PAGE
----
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Craft With Conscience: Brannon Addison

Craft With Conscience

'Craft With Conscience' began in early 2016 as a weekly Instagram series dedicated to sharing the work of other creatives and as a platform to openly discuss certain aspects of ethical art-making and consuming in the age of the internet and social media.  

This series arose out of my own frustrations related to seeing my work constantly copied stitch-for-stitch, sold without permission, and credited to other people.  Rather than wallowing in unproductive negative emotions, I wanted to find a way to bring this common issue to light in a positive way.  My solution was to share the work of artists, crafters, designers, and makers who I greatly admire for their originality and dedication. Initially, I shared work similar in materials or subject matter to my own, having heard the argument, "There are only so many ways to stitch plants, I'm not copying you..." one too many times.  The truth is, no matter what the medium or subject, every artist from hobby crafter to professional painter has their own perspective and voice. It takes effort to develop one's visual vocabulary and it can be disheartening when your's is taken and misused by other individuals and sometimes larger companies.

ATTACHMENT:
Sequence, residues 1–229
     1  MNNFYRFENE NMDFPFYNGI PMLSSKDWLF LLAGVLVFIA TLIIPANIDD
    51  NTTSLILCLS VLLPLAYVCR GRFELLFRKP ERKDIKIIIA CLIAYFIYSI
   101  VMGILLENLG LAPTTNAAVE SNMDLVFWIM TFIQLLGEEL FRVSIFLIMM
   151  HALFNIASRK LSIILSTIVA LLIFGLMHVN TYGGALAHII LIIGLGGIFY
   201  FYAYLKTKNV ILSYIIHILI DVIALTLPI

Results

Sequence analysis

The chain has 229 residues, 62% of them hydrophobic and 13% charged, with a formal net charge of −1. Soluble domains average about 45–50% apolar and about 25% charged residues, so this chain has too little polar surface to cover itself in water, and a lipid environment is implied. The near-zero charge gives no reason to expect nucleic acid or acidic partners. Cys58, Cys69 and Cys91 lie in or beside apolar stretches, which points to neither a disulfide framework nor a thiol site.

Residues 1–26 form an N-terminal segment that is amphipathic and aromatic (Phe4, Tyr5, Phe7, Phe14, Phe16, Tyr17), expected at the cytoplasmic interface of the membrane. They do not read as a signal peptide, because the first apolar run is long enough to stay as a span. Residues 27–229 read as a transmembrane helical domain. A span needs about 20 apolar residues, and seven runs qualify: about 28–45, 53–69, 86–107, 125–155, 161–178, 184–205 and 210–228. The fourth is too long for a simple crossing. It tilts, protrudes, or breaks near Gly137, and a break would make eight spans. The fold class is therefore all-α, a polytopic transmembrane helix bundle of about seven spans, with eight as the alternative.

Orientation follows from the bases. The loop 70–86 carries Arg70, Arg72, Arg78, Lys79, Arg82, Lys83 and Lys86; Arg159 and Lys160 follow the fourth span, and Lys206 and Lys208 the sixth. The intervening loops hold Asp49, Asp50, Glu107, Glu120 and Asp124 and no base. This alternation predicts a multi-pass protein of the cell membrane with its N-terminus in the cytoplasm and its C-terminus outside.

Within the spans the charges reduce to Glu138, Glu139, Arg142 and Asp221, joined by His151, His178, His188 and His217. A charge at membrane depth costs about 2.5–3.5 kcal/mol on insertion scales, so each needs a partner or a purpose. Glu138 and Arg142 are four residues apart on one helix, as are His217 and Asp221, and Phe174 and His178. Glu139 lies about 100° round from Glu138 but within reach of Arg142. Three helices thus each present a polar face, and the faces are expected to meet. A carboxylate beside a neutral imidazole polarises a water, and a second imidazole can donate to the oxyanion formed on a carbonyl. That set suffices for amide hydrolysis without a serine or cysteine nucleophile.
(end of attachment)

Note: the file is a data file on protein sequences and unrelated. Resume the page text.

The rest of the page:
All that being said, now is an incredible time for working artists because of the vast resources of the internet including sources of inspiration, the ability to reach a large and global audience, and as a community building tool. As you may know, I love sharing my work on Instagram and following other makers. It's a wonderful way to connect with other artists, be inspired, and feel supported, but we all need to be aware of how we use these resources and what effect it may have on others.

Since the start of 2016, 'Craft With Conscience' has grown and evolved just like any other creative pursuit and has recently expanded to include short interviews with featured artists. I've asked participating artists a series of questions about their studio process, sources of inspiration, and how image-sharing sites like Instagram and Pinterest influence and affect them. I hope you read on to see what they have to say!

Craft With Conscience: Brannon Addison

Sarah Benning

Brannon Addison // Happy Cactus Design Durango, Colorado

Brannon Addison an artist that specializes in hand embroidery. While pursuing a career in education and nonprofit communications, she turned to drawing and painting as a creative outlet, which resulted in the launch of a stationery line in 2011. Following an ankle injury in 2014, she taught herself how to embroider and fell in love with needlework. Brannon releases monthly collections of her framed embroidery and has extended her work into pillows, pins, and clothing as well.

Find more of Brannon's work on her website and Instagram.


1. I began my #CraftWithConscience series as a way to simultaneously promote the work of other makers and to discuss the complicated issues surrounding creative inspiration and developing ones’ own visual vocabulary. The internet is an ever growing fixture in many artist’s lives and businesses, could you talk about the role the internet plays in your artistic and professional life?